significant harm to the purposes of the income tax laws.
The reorganization provisions of the Internal Revenue Code provide that, in
certain kinds of acquisitions, the selling stockholders recognize no gain. The
reorganization provisions, alone or in conjunction with other provisions of the
tax laws, may provide significant incentives to stockholders to make their
companies available for acquisition. On the other hand, there are offsetting dis-
advantages to the acquiring corporation, and the reorganization provisions may
affect primarily the form rather than the number of acquisitions. The justifica-
tion for and effect of these provisions deserve reconsideration in preparing a
tax reform program.
Corporations and their stockholders are generally taxed separately, and stock-
holders, are not taxed on earnings which are retained rather than distributed
as dividends. The effect of this provision may be to channel investment funds
through existing corporations rather than indei^endent or new enterprises. Thus,
corporations may grow larger than they otherwise would, and some of this
expansion may serve to maintain or increase their market shares in industries
in which they already have large market shares. In addition, this aspect of the
law may encourage acquisitions for cash or acquisitions of corporations which
will require the investment of additional capital.
We recommend that the competitive effects of this feature of the tax laws
be examined in preparing the tax reform program.
4. Antitrust laws and regulated industries
In the regulated sector of the economy, the bias of policy and its enforcement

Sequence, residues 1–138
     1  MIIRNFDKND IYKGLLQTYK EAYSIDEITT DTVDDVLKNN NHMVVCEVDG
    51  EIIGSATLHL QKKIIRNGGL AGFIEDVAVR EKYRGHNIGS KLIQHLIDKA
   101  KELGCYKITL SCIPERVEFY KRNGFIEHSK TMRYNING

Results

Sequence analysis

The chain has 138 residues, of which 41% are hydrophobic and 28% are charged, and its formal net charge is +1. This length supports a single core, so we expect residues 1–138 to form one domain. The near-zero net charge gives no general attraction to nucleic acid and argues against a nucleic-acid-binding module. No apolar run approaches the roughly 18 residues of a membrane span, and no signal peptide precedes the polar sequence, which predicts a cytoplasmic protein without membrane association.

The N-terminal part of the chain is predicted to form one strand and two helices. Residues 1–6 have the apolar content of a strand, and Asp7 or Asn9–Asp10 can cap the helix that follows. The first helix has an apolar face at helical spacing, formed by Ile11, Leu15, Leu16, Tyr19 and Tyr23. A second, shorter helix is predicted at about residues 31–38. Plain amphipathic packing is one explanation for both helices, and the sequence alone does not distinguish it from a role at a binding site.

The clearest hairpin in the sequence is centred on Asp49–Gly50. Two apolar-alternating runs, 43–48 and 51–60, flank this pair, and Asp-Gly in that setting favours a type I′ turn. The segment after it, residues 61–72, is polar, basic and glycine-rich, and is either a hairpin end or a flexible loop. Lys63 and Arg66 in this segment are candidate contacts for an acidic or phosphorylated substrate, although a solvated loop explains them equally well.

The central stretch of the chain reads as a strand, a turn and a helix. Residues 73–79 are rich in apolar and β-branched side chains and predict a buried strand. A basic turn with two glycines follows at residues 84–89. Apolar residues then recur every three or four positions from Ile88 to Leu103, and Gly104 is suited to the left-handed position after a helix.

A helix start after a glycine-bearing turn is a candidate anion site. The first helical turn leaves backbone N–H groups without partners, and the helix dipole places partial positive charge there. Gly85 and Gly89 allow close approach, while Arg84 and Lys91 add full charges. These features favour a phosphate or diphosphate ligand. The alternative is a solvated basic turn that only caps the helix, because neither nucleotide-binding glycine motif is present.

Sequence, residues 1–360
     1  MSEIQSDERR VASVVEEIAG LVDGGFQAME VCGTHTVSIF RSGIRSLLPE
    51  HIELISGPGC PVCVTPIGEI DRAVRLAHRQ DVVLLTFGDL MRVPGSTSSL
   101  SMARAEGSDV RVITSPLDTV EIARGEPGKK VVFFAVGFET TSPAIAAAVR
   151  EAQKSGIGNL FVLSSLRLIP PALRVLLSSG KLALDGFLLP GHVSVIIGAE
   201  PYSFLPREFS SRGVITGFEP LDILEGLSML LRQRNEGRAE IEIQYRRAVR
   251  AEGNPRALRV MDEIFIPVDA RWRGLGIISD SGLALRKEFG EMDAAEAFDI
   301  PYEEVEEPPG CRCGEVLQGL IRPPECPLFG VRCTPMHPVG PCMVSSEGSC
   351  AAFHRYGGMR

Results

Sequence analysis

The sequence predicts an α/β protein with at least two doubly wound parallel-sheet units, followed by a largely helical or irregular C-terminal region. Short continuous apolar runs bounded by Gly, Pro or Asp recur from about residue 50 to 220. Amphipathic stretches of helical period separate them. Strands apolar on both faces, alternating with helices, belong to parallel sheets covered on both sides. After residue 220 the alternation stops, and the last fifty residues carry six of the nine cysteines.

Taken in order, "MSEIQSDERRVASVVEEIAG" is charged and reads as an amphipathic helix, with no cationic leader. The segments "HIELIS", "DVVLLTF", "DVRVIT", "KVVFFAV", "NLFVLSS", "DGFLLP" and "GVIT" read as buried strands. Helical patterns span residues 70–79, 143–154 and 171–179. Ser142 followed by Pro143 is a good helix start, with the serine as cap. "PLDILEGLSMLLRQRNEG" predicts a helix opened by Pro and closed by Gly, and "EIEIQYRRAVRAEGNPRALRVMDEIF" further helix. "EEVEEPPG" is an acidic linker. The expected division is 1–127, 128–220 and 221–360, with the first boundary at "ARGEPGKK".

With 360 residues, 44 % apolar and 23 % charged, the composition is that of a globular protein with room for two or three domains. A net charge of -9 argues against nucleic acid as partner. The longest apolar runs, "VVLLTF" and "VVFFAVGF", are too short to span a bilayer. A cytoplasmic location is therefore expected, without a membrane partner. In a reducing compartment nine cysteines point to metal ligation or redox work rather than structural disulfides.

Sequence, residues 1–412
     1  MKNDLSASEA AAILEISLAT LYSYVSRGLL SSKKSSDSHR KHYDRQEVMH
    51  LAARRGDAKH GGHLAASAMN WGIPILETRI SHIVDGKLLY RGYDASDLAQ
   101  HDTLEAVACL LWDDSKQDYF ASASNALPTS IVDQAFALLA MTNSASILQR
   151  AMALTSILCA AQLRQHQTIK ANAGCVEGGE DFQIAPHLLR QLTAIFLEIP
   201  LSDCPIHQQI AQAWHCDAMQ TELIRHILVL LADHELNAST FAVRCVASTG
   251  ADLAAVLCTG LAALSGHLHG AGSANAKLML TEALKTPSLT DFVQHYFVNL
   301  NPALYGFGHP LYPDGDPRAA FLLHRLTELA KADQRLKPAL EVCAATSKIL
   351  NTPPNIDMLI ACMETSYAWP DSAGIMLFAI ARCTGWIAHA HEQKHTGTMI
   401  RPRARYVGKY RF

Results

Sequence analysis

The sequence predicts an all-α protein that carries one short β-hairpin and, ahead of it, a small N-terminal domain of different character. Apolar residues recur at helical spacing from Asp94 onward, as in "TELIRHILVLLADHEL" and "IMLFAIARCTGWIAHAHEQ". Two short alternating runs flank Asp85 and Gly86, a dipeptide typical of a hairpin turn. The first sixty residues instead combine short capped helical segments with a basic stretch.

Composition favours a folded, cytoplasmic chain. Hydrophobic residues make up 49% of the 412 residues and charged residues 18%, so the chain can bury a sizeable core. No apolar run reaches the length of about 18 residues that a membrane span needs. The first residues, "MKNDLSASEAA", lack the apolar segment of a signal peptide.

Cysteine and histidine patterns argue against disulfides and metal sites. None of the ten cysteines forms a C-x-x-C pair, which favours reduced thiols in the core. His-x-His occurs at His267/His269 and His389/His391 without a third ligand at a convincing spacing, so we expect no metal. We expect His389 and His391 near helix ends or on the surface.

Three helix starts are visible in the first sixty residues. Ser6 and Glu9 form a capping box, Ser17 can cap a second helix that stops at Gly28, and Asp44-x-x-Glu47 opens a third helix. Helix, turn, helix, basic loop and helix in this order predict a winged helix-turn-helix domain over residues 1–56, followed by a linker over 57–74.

is overwhelmingly against competition. This bias manifests itself in more per-
missible policies toward mergers and exemption of mergers from antitrust
standards; in restrictions on entry; and in regulation of minimum rates for
the protection of competitors and competing industries, in addition to more tra-
ditional regulation of maximum rates for the protection of consumers. We
believe that this bias is contrary to the public interest in many cases. We recom-
mended further study of regulated industries to determine the extent to which
competition and the competitive standards of the antitrust laws can be sub-
stituted for at least some aspects of regulation.
5. Resale price maintenance
The Miller-Ty dings Act and the McGuire amendment to section 5(a) of the
Federal Trade Commission exempt certain resale price maintenance arrange-
ments from the antitrust laws where States have enacted so-called "fair trade"
laws. The case against resale price maintenance has been made so often and
persuasively that we think no further elaboration is necessary. We recommend
repeal of antitrust exemptions for resale price maintenance.
appendix a. concentrated industries act
Section 1. â€” Reduction of Industrial Concentration.
(a) It shall be the duty of the Attorney General and the Federal Trade Com-
mission to investigate the structure of markets which appear to be the oligopoly
(b) When, as a result of such investigation, the Attorney General determines